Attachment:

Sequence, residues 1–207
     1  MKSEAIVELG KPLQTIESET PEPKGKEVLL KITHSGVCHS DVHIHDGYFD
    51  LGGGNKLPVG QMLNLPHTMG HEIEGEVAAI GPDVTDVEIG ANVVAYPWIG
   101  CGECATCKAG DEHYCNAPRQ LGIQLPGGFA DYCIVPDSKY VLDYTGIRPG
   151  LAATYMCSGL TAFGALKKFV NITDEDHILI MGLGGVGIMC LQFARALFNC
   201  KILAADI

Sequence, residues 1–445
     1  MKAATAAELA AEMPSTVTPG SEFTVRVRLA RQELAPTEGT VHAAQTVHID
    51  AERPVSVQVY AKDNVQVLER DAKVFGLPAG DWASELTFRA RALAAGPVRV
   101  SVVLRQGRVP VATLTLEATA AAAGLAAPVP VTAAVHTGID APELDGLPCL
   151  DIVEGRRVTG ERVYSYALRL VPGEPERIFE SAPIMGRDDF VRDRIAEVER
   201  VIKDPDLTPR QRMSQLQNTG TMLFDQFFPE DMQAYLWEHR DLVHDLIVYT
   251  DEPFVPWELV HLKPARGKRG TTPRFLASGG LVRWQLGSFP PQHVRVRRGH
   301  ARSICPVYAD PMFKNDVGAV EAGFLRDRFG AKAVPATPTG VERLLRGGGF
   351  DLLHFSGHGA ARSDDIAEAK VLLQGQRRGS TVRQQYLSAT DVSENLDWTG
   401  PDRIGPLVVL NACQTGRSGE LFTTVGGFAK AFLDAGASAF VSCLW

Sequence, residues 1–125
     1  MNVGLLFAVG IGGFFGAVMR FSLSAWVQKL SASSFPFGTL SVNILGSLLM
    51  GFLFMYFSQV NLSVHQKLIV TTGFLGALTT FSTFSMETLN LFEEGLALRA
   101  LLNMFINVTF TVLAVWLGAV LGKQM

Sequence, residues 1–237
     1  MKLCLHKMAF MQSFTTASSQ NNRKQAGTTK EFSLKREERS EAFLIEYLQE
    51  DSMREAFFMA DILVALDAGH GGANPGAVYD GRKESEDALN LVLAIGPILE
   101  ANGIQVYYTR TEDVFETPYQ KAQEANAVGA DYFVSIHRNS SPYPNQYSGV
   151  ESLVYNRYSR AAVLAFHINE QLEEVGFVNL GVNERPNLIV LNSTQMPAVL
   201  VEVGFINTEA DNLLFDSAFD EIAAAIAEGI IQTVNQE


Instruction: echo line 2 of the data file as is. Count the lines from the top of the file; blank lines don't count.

     1  MKSEAIVELG KPLQTIESET PEPKGKEVLL KITHSGVCHS DVHIHDGYFD